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CENTER CALLED A `LOGISTICAL NIGHTMARE' NEW PAVILION CRITICIZED.

Byline: KAREN MAESHIRO Staff Writer

LANCASTER -- After millions have been spent on converting Antelope Valley Hospital's skilled-nursing facility to a yet-to-open women's health and obstetrics center, a hospital board member is criticizing the problem-plagued building, saying its distance from the main hospital will compromise patient care.

Less demand than expected for skilled-nursing services, coupled with reduced federal reimbursement for that kind of care, convinced hospital officials in 2000 to change the purpose of the building. However, director Berna Mayer now says there's a local shortage of skilled-nursing beds, and patients who need them are taking up acute-care beds at the hospital, leading to emergency room overcrowding.

``I think we could have used the building as a physician office to recruit new doctors instead of putting patients in an acute-care setting so far away from the major building, where it compromises patient care,'' said Mayer, who was elected in 2004 and was not on the board when the decisions were made. ``They are too acute to be over there.''

Hospital officials refuted Mayer's assessment, saying the hospital is fully prepared to deal with emergencies in the Women and Infants Pavilion if they occur, including having in- house physicians on duty at all times and an ambulance available 24 hours a day.

``There is absolutely no way the hospital is going to compromise the standard of care for patients. This was thought through thoroughly and gone through with (Office of Statewide Health Planning and Development),'' hospital spokeswoman Jackie Weder said.

The hospital is spending more than $38million to convert the skilled-nursing facility, which is located south of the main hospital building, to an obstetrics center. The construction cost is $28.6million, and ``soft costs'' for things such as furniture, fees, equipment and a phone system add another $9.5million, Weder said.

The project has experienced delays because of bad weather and other problems, such as an uneven floor, rain damage and a finding that the building was not constructed as designed.

The skilled-nursing facility was a $21million project plagued with three years of delays and cost increases before opening in 2001.

Hospital officials have described it as a white elephant and an albatross, and plans were made to convert it to an obstetrics center before it opened.

Officials attributed the delays and cost increases to factors including poor oversight of construction by a previous hospital administration, changes made because of new government regulations and unrealistically low original cost estimates.

Mayer said there are problems with the pavilion from a medical and safety standpoint in what she called a ``logistic nightmare.''

``As of today, we have no anesthesiologist who will go over there because by the time they call a code, if they need code help, there's no one there to help them,'' Mayer said.

``The emergency staff has to come over. The ER is so far away. We do have an ambulance there 24 hours a day, but how does that help, put a person coding into an ambulance and take them over,'' Mayer said.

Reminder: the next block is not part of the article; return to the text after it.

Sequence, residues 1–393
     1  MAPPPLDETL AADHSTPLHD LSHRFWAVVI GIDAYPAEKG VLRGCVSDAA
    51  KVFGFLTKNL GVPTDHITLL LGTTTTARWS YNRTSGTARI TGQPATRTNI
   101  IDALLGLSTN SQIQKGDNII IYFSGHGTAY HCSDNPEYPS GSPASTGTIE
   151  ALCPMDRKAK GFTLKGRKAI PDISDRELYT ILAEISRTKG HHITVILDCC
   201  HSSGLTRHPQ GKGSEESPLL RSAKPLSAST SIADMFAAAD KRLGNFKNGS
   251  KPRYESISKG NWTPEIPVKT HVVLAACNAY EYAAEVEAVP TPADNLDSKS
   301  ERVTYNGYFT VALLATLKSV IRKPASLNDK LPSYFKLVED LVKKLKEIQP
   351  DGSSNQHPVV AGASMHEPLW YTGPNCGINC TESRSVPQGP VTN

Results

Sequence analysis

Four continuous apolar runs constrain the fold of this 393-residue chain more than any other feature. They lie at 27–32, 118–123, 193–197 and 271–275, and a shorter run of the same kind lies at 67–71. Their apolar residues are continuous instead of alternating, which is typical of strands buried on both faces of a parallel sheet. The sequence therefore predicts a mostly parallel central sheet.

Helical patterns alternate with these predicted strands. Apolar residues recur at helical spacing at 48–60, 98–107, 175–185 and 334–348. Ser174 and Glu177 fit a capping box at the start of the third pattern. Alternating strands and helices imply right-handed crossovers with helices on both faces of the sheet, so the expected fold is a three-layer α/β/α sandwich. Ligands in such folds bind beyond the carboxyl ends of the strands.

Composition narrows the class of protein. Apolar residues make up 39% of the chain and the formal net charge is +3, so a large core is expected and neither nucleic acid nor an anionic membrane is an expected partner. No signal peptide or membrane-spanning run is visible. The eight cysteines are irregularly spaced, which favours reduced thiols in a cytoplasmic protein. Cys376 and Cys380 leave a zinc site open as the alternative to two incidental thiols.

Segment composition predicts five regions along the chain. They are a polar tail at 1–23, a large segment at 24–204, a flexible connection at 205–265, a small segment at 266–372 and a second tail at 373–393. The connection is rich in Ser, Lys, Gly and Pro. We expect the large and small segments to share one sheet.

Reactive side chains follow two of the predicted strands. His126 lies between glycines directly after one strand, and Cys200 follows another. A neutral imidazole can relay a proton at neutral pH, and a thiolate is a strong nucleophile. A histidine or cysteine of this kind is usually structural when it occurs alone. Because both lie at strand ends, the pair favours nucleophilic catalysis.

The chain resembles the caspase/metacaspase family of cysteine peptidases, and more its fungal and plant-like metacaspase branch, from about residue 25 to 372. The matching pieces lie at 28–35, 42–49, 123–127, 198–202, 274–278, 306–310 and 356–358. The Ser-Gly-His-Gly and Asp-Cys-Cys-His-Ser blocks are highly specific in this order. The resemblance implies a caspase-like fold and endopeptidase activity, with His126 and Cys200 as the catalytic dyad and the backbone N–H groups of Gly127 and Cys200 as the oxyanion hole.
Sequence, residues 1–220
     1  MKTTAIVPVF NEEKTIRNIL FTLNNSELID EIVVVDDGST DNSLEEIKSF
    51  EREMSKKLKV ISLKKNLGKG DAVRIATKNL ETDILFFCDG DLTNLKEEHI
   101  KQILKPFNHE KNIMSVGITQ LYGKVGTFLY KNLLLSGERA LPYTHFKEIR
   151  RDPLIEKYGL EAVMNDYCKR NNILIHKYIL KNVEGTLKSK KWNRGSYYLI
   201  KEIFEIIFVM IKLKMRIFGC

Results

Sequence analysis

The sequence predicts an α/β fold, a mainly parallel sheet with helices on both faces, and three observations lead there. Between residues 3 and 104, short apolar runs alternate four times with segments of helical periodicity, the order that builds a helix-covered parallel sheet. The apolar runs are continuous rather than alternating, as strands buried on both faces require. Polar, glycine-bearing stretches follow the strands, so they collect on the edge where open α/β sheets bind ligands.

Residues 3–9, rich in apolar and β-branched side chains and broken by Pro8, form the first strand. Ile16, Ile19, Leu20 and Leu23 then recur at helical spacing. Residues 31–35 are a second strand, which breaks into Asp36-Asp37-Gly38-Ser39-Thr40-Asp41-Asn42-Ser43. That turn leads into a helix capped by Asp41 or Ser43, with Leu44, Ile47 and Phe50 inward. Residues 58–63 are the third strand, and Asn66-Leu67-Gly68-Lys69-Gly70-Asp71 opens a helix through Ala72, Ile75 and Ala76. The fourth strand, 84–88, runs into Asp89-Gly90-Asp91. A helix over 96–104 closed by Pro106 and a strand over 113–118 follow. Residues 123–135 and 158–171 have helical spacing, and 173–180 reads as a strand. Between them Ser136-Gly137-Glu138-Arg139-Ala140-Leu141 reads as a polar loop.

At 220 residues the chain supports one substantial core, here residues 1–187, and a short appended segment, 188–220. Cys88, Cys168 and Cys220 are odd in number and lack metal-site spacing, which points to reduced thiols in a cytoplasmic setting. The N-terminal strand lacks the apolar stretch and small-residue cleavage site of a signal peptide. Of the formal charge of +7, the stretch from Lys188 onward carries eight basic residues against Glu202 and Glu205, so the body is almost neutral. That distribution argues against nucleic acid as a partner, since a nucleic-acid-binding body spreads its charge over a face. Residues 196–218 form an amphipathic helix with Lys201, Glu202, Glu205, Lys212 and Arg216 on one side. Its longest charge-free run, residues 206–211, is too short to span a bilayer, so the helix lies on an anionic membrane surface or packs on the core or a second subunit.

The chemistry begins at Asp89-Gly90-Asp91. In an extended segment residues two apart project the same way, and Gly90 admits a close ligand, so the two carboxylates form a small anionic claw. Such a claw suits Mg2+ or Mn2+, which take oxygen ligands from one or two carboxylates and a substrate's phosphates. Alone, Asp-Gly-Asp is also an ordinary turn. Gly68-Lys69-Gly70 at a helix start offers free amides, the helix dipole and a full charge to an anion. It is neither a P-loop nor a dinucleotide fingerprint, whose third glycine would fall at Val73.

As for skilled-nursing patients, Mayer said they either have to stay at the hospital or be placed outside the Valley.

``At the present time, we have all these elderly people, and there aren't any places for them to go. They have to go to L.A., they have to leave the area or stay in the hospital when they are really not acutely ill, and it backs up beds there,'' Mayer said.

Weder said the pavilion will have an obstetrician-gynecologist ``hospitalist'' on duty at all times. A hospitalist works only at the hospital where he does rounds and doesn't see patients by appointment in a private office.

``To help facilitate the standard of care, we have a hospitalist in the Woman and Infants Pavilion on staff at all times, including an anesthesiologist,'' Weder said.

``When a patient codes, should that happen, the procedure is no different than when you're in the hospital.''

``The maternity ward is on the fifth floor. When a patient codes, the emergency room doctors would proceed to that location,'' Weder said.

The Women and Infants Center will feature 39 postpartum beds -- with room to expand to 78 beds -- a 21-bed neonatal intensive care unit, 22 newborn beds, 19 labor and delivery rooms, nine antepartum beds and 12 triage rooms.

The hospital, the only one with a maternity ward in the Antelope Valley, handles about 5,000 births a year.

Weder acknowledged there is a shortage of skilled-nursing beds in the Antelope Valley, but said there is a need for obstetrics services.

``The greater need for the community was a birthing pavilion. No one else does birthing or is providing OB services. Other people are doing skilled nursing,'' Weder said.

The state Department of Health Services needs to make a third and final visit to the pavilion before it can open, Weder said.

karen.maeshiro@dailynews.com

(661) 267-5744
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Publication:Daily News (Los Angeles, CA)
Date:Nov 13, 2006
Words:815
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